We keep coming back for more

We keep coming back for more

“Fish!” he cries.

As the mist rises in the early morning here in the North, the rivers steaming from the cold, I find a cozy mossy rock to watch as my clients from Spain enter the water.

My fingertips are numb and anticipation is at an all time high. My guys are in their late 60s, cautiously navigating the slippery rocks down the pool, waiting for a steelhead or northern coho to bite their fly.

The Dipper bird dances in front of me feeding on the small flying bugs.

He moves quickly along the shore satisfying his hunger.

My guys talk in Spanish, not sure about what, when Juan’s line goes tight and the elusive fish jumps out of the water.

“Fish!” he cries.

The universal language is engaged and I deploy my net for the catch and release, with a photo a must.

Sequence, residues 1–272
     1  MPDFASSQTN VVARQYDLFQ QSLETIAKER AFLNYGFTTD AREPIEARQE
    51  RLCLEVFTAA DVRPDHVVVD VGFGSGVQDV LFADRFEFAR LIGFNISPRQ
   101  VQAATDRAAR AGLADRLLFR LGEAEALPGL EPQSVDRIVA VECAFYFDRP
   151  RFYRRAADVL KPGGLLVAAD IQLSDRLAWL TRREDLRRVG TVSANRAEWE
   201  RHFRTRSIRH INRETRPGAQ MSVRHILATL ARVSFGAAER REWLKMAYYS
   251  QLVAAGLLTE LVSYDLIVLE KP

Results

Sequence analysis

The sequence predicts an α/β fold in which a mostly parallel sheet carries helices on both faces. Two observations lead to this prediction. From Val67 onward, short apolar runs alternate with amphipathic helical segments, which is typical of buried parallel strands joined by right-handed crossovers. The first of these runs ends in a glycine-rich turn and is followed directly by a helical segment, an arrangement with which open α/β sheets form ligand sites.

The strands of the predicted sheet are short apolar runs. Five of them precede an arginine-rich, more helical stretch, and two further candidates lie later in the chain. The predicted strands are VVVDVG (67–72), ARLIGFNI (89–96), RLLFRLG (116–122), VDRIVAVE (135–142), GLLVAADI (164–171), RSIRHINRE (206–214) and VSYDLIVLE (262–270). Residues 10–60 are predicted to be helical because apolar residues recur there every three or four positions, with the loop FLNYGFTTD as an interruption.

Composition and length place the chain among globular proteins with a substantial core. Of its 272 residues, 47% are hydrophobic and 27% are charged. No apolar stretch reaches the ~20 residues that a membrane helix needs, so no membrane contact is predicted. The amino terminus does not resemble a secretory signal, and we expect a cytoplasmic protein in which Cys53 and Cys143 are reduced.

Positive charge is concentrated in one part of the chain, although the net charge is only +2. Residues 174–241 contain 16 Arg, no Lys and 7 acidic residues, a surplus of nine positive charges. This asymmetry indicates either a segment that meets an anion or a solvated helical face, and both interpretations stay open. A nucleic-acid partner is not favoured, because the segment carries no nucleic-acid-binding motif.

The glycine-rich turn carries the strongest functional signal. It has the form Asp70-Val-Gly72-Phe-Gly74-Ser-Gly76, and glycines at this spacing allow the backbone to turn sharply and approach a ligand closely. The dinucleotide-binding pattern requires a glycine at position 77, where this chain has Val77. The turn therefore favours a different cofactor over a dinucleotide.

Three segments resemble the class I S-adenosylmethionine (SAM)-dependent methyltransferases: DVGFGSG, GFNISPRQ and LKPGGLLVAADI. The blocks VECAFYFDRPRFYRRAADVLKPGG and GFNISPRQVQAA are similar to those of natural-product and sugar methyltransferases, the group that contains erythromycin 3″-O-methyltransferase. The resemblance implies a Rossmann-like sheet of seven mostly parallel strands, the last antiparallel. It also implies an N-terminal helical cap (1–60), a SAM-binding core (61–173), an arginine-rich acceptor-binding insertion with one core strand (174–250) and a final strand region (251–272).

I often wonder after 30-60-90-100-150-180 days of fishing, why am I still out here – this is wearing me down.

I only have to think of the past days when a Danish angler caught a prize fish and said to me this is why he comes here, as the fish pulled his line across the river.

He alluded to not only the fishing, but the serenity of the area, the peace we at times take for granted, something only a foreigner would etch into his or her mind for life.

This is why we live here and this is why my passion stays at a high level.

I must carry on, as this is my life, guiding anglers into special places virtually untouched.

Many anglers will stop and take pictures instead of casting – they know we have it all as Canadians.

They respect us and envy us, and they will return again next year.

 

We keep coming back for more

Philipe from Spain with his first steelhead.

Philipe from Spain with his first steelhead.